The environmental movement is the source of another serious rethink. Growth and equity are as important goals of development as they always were, though people can now question the kind of growth we need. In addition to all this, however, development now has a third objective: sustainability. But what is sustainability? How can it be operationalised? All these are open questions. People searching for a Third Way, therefore, have an open field today. Several people today recognise that steel and cement cannot provide decent houses to all people for many, many decades to come. So what do we do in the meantime? People have also begun to ask if we provide drinking water to all and irrigation water to all fields from tubewells. What will that do to our groundwater resources?

It is precisely in this context that the conference in Bombay had some interesting ideas to offer. Traditional scientific knowledge can provide us with low-cost and labour-intensive technologies that can become a source of employment and industrial dispersal. It can also provide us with techniques and strategies to develop environmentally sound ways of natural resource management and land-use. In fact, it was unfortunate that the conference did not focus much on popular resource management strategies -- far greater attention was paid to various traditional technologies. But it is doubtful whether many of these technologies can compete and survive in today"s globalised economy without enormous state support and subsidies. Undoubtedly, efforts must be made to secure their contribution to as many niches as possible.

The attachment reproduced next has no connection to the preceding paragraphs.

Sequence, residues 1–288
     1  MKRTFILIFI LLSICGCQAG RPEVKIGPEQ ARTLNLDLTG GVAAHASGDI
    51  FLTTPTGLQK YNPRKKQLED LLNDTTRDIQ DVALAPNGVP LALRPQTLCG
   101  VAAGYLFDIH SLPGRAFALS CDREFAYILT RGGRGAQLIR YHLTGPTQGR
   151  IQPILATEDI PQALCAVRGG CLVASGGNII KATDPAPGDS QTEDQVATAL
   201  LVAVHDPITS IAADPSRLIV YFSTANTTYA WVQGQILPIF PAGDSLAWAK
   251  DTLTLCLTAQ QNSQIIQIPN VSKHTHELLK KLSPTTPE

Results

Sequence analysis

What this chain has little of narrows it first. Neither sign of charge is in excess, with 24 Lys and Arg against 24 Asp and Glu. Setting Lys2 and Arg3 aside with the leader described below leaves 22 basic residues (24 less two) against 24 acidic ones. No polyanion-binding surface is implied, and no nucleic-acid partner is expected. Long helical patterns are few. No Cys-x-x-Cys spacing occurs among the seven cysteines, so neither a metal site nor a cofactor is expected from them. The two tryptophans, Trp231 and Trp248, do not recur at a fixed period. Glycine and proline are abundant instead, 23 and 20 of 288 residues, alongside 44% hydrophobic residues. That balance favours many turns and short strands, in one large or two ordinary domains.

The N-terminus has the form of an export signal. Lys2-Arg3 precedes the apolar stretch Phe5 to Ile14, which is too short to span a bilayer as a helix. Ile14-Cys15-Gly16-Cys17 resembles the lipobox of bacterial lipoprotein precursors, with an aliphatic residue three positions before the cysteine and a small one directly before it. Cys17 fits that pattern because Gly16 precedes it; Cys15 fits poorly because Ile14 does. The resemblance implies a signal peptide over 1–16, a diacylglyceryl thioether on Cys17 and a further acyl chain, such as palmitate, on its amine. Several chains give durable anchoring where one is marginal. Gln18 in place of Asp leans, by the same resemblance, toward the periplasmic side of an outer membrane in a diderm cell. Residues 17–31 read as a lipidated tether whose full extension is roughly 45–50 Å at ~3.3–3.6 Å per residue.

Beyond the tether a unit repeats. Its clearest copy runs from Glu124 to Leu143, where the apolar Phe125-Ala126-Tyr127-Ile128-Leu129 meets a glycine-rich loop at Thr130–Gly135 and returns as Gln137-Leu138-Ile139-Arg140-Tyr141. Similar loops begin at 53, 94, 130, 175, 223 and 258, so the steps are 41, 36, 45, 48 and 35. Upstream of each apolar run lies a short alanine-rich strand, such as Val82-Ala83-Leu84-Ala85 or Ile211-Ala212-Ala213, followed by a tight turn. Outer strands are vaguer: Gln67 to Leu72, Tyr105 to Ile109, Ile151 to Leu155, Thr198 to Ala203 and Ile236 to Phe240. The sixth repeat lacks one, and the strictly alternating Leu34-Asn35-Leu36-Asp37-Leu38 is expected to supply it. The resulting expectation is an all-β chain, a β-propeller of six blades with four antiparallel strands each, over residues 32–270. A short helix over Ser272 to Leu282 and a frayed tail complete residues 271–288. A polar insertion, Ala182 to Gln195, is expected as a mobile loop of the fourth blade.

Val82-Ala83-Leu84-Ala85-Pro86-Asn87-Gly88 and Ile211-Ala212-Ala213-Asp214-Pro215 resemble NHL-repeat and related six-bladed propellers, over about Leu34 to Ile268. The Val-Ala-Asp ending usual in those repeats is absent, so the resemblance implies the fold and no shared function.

But in the area of natural resource management, there are strong reasons to believe that many traditional practices and techniques continue to have some validity even in this day and age. This is simply because the ecology hasn"t changed much in its fundamentals even though the economy may have changed dramatically. The fact that India receives it entire year"s precipitation in a few hours within the year has not changed for thousands of years. To deal with this problem, Indians became the world"s greatest water harvesters as a rational response to the ecology to they lived in. For this reason, the Europeans did not and never had much to teach India in this area. In areas like grasslands management, forest management, water management, botanical and zoological knowledge, agroforestry, mixed cropping, sustainable fishery management and land-use systems, people"s knowledge can contribute a great deal to shaping a better future. But there was precious little discussion on these issues. This shows that even among those looking at the past for answers to solve the future, there is very little knowledge about these dimensions of traditional science and technology.